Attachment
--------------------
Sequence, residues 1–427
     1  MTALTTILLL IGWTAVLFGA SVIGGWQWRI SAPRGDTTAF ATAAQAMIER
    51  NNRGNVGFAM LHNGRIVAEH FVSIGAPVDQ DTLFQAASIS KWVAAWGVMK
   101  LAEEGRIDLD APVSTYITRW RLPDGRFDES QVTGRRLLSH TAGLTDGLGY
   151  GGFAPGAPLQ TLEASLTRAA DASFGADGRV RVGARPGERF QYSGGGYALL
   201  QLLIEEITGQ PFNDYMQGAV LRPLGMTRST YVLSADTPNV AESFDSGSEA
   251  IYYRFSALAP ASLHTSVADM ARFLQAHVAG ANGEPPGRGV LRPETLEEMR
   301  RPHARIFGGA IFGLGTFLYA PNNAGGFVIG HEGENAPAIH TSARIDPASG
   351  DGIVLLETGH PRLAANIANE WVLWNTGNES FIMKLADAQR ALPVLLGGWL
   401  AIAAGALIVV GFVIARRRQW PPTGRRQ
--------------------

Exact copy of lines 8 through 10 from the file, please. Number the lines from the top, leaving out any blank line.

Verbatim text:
   301  RPHARIFGGA IFGLGTFLYA PNNAGGFVIG HEGENAPAIH TSARIDPASG
   351  DGIVLLETGH PRLAANIANE WVLWNTGNES FIMKLADAQR ALPVLLGGWL
   401  AIAAGALIVV GFVIARRRQW PPTGRRQ